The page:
Off The Grid: 5 Inland U.S. Cities You Might Have Missed

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Off The Grid: 5 Inland U.S. Cities You Might Have Missed

Many people understandably head to the coast in search of escape. But in my experience, inland or otherwise landlocked cities can be just as gratifying, especially these American locales.

Jackson Hole, Wyoming

You’ve probably heard of Jackson Hole (pictured above). But many still haven’t paid homage. Here’s what you’re missing. Grand Teton National Park, rafting the wild Snake River, skiing the steep verticals at Jackson Hole Mountain Resort and the nearby geological gem of Yellowstone—the world’s first (and still one of its best) national park. Plus, Jackson is home to arguably the world’s best antler rack collection.

Rapid City, South Dakota

Not many people think of South Dakota when they think of travel. But they would if they knew about the nearby wonders in Rapid City. Badlands National Park, Mount Rushmore, the Black Hills, Custer State Park, Devil’s Tower, Grasslands National Park. You can get to all of them and more in about an hour from Rapid City. And they will change your view of both the state and country. As a bonus, it’s also a suitable place to take your chopper and visit old Western outposts.

Chattanooga, Tennessee

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Photo: Brent Moore, CC-BY

Chattanooga is another town that’s big on adventure but not on crowds. Rock City offers some of the best sandstone climbing, bouldering and canyoneering in the nation. And on rainy or muggy days, you can still climb at one of several indoor gyms. If that’s not your thing, you can also kayak, paddleboard and whitewater raft to your amphibious heart’s content. Or you can enjoy the area’s many mountain biking trails and cycling loops.

Louisville, Kentucky

Sandwiched between Indiana to the North and the rest of Kentucky to the South, is often called the “Gateway to the South.” While its 250,000 residents can certainly identify with Midwestern sensibility, you’ll also find plenty of Southern hospitality, relaxed attitudes and varied cuisine here. If extreme adventure is your thing, Louisville might not be the best fit. But if you appreciate a confluence of culture and want to disconnect in a bevy of great urban parks—many of which were designed by the Father of American Landscaping—Louisville has you covered.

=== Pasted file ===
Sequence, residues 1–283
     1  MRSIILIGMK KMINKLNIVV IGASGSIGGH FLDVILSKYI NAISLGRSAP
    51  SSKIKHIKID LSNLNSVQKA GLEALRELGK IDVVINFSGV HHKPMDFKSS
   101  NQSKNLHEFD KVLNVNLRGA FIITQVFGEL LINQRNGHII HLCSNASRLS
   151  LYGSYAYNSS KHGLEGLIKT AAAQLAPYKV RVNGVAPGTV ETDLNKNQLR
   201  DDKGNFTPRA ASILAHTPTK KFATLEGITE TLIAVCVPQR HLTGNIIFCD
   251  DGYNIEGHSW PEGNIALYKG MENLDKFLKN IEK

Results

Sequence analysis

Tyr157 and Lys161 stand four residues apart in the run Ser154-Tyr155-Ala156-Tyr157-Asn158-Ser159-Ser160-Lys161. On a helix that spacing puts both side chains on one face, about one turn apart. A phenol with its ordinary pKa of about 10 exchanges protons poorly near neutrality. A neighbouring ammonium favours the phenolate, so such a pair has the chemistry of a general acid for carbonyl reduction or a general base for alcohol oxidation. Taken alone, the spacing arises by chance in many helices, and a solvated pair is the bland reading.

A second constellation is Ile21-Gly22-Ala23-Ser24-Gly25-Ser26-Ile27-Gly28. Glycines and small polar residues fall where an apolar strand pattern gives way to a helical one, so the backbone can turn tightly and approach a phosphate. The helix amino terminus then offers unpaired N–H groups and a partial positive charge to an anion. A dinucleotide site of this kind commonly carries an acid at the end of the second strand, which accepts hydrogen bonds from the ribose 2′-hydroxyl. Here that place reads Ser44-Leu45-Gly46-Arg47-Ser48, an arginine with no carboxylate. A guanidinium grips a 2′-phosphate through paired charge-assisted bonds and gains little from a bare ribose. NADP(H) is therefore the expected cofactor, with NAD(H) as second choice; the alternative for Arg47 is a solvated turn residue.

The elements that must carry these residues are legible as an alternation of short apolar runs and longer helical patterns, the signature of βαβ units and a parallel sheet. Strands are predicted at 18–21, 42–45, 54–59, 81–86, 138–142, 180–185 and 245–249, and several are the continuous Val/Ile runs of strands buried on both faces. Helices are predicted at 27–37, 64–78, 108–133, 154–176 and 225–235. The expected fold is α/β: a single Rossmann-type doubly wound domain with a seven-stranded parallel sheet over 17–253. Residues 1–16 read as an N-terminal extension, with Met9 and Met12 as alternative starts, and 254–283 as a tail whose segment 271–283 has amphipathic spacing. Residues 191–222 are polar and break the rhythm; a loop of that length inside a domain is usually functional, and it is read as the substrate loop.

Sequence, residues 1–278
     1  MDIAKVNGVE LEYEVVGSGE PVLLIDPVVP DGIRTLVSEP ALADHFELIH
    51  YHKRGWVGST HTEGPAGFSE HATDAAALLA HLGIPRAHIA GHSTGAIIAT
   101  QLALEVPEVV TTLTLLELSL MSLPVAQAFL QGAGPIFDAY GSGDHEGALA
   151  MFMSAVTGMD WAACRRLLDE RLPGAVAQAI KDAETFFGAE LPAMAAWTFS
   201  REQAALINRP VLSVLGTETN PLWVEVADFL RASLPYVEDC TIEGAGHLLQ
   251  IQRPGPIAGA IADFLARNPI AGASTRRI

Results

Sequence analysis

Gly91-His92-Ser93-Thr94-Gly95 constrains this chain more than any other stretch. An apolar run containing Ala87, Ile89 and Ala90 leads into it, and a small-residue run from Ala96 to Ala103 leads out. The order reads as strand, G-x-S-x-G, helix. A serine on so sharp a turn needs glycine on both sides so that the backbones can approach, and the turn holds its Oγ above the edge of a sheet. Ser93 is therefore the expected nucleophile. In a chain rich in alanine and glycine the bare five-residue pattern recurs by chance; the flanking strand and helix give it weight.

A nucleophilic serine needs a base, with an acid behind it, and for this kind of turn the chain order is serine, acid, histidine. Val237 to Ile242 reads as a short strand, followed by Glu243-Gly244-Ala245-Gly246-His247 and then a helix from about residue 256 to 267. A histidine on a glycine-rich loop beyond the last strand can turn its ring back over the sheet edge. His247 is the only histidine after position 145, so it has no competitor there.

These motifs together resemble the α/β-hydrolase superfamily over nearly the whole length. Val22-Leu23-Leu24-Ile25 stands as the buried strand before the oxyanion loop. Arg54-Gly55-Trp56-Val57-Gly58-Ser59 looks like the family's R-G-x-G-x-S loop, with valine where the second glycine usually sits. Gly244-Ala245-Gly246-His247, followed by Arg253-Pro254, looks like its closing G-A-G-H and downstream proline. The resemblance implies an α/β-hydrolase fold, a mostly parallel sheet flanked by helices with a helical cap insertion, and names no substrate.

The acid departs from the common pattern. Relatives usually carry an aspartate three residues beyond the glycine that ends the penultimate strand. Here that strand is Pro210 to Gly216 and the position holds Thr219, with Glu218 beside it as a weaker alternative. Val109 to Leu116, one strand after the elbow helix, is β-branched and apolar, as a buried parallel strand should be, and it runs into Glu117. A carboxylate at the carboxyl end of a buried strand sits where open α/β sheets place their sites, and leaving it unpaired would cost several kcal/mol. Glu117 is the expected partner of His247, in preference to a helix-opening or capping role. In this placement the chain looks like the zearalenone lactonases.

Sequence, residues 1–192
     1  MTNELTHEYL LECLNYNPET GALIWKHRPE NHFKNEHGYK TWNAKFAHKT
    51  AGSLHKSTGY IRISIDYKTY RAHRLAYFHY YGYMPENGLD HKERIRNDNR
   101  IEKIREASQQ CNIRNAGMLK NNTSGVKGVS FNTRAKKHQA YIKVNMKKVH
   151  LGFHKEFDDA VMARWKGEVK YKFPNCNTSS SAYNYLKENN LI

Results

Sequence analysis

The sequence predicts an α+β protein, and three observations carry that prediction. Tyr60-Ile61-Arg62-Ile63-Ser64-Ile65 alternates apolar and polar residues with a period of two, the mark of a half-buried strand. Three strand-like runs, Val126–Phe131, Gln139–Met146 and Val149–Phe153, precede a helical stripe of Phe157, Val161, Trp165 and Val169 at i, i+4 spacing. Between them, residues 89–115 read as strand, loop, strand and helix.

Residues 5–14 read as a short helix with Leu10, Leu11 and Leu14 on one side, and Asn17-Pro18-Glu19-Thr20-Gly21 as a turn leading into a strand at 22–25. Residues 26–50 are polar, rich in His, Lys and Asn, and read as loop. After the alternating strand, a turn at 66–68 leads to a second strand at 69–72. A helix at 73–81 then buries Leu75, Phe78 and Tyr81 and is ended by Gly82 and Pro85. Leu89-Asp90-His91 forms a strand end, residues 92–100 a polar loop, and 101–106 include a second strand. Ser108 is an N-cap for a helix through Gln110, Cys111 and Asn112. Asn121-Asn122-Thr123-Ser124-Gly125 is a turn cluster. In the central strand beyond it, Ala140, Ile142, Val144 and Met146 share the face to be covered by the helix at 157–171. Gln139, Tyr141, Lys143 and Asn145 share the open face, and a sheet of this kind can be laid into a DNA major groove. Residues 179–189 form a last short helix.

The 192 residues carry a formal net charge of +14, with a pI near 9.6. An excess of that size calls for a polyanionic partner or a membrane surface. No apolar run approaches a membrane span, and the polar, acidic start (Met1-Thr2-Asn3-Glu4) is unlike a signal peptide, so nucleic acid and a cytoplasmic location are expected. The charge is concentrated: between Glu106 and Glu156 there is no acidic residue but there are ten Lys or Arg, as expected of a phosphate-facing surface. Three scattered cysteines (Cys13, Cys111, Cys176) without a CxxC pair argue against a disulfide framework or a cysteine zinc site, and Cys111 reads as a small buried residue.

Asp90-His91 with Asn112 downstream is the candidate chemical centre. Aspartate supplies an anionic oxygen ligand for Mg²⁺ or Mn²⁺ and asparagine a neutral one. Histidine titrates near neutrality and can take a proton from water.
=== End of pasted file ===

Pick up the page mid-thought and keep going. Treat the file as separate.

Minneapolis, Minnesota

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Photo: m01229, CC-BY

If there’s one lesser-visited U.S. city that shows up time and again on people’s favorite list, Minneapolis is it. With a population of 400,000, it offers much of what larger cities can without being overbearing. And with the great outdoors in mind, it features nearly 7,000 acres of parks, 20 lakes, and the second biggest network of biking trails after Portland. But wait, there’s more! Thanks to the Mississippi and St. Croix rivers, “Waterfall City” (named after St. Anthony Falls) is also an acclaimed place to paddle.

Top Photo: Gord McKenna, CC-BY

Off the Grid columnist Blake Snow writes epic stories for fancy publications and Fortune 500 companies. Follow him on Twitter.

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